(a) it was obtained by one spouse—

(i) without such steps having been taken for giving notice of the proceedings to the other spouse as, having regard to the nature of the proceedings and all the circumstances, should reasonably have been taken; or

(ii) without the other spouse having been given (for any reason other than lack of notice) such op portunity to take part in the proceedings as, having regard to the matters aforesaid, he should reasonably have been given; or

(b) its recognition would manifestly be contrary to public policy.


(3) Nothing in this Act shall be construed as requiring the recognition of any findings of fault made in any proceedings for divorce or separation or of any custody order, or, save as provided in section 9(3), any maintenance or other ancillary order, made in any such pro ceedings.

Jurisdiction of Bermuda court in certain ancillary matters

9 (1) Subject to subsection (3), where the circumstances specified in subsection (2) obtain in relation to a divorce or legal separation, then on the application of either of the spouses of a marriage the court shall have the same jurisdiction under Part IV of the Matrimonial Causes Act 1974 [title 27 item 3] in relation to any land, or any interest in land, in Bermuda (hereafter in this section referred to as "Bermudian matrimo nial land") as the court would have had if the court had itself granted a decree of divorce or legal separation in respect of that marriage.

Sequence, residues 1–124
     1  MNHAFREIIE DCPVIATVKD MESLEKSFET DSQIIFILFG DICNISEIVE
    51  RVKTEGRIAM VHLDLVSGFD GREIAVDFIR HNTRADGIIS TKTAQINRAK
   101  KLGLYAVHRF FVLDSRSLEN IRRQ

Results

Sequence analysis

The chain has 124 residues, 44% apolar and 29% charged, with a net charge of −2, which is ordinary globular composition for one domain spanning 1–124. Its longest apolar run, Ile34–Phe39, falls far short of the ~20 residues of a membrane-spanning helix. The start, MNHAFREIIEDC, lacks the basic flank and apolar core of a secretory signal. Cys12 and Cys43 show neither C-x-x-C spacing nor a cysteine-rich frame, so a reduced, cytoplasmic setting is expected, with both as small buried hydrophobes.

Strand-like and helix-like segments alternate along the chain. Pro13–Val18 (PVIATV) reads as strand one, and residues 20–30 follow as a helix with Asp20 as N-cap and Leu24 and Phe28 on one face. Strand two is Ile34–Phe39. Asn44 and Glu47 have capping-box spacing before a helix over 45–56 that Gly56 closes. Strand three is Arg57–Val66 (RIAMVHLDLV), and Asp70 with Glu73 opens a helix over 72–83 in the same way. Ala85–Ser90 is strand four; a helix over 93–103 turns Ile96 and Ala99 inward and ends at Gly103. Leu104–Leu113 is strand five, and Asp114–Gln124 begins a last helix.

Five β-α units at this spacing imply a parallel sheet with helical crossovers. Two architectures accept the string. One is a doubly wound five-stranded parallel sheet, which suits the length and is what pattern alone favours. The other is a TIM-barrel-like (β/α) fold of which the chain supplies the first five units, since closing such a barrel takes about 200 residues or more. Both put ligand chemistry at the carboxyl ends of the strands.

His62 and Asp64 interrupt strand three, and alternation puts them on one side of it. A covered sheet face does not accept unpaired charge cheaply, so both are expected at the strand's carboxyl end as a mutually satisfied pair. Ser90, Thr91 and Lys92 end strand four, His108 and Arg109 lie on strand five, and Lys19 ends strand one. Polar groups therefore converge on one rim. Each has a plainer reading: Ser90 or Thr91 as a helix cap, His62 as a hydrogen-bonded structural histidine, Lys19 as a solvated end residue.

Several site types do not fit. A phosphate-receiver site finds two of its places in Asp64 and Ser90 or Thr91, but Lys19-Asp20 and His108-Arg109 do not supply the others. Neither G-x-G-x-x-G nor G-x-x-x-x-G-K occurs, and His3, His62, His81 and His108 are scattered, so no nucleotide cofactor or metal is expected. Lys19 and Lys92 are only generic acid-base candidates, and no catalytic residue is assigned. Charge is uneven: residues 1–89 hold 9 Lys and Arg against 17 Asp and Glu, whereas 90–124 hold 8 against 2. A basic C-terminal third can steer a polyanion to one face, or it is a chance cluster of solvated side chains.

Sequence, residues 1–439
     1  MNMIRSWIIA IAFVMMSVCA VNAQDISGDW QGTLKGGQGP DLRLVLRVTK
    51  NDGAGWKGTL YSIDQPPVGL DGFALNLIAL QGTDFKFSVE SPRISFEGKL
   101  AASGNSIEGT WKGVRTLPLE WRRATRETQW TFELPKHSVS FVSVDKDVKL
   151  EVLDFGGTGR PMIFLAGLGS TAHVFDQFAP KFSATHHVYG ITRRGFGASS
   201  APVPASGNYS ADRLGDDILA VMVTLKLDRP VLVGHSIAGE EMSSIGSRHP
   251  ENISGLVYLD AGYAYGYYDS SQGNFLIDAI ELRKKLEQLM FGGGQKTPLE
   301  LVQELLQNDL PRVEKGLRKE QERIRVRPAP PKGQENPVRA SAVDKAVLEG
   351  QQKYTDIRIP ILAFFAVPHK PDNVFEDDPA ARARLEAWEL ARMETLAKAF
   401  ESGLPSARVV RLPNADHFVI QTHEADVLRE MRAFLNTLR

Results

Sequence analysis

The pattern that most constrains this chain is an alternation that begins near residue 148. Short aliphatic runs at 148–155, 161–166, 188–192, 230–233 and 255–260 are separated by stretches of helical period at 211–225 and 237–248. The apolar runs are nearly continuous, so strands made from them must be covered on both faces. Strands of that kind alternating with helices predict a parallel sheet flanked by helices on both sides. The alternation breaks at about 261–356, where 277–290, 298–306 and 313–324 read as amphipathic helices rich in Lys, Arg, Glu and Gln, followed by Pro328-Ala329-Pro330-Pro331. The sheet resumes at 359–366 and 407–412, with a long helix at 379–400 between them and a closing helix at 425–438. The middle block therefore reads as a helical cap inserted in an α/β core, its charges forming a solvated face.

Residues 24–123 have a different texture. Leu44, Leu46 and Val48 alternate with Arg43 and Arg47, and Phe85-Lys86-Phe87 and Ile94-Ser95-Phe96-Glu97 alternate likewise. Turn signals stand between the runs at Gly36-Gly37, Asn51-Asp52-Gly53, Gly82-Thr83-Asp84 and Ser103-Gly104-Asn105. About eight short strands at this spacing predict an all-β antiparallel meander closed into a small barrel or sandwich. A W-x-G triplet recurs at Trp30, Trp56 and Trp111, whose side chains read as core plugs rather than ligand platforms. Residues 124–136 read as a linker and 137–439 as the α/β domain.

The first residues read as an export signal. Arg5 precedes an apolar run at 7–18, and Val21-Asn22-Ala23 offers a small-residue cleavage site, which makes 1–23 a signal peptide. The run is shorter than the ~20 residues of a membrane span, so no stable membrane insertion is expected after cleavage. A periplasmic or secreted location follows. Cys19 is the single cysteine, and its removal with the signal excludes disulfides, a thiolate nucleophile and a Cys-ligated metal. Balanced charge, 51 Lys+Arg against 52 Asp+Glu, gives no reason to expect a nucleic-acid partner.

(2) The circumstances referred to in subsection (1) are circum stances in which all of the following conditions apply, that is to say—

(a) the divorce or legal separation was obtained in proceed ings in a country outside Bermuda (hereafter in this section referred to as "overseas proceedings");

(b) the validity of the divorce or legal separation is recog nized by the law of Bermuda.

(3) In exercising its powers under subsection (1), the court shall make such allowance as appears to the court just for the provisions of any order made in the overseas proceedings or of any relevant law or of any arrangement between the spouses (being provisions affecting property of one or both of the spouses other than Bermudian matrimo nial land) that it is proved to the court have taken, or will take, effect in relation to such property.

(4) In this section "court" means the Supreme Court of Bermuda.

(5) It is hereby declared that, save as provided in this section, no disposition of any land, or any interest in land, in Bermuda, being a disposition purporting to be a disposition made in consequence of or for the purposes of a divorce or legal separation, has any effect in law in Bermuda, unless that disposition can also take effect apart from any di vorce or legal separation.

Short title, commencement and transitional provisions

10 (1) This Act may be cited as the Recognition of Divorces and Legal Separations Act 1977, and shall come into force on 1 August 1977.

(2) The provisions of this Act relating to overseas divorces and legal separations shall apply to a divorce or legal separation obtained on or after, but not before, 1 August 1977.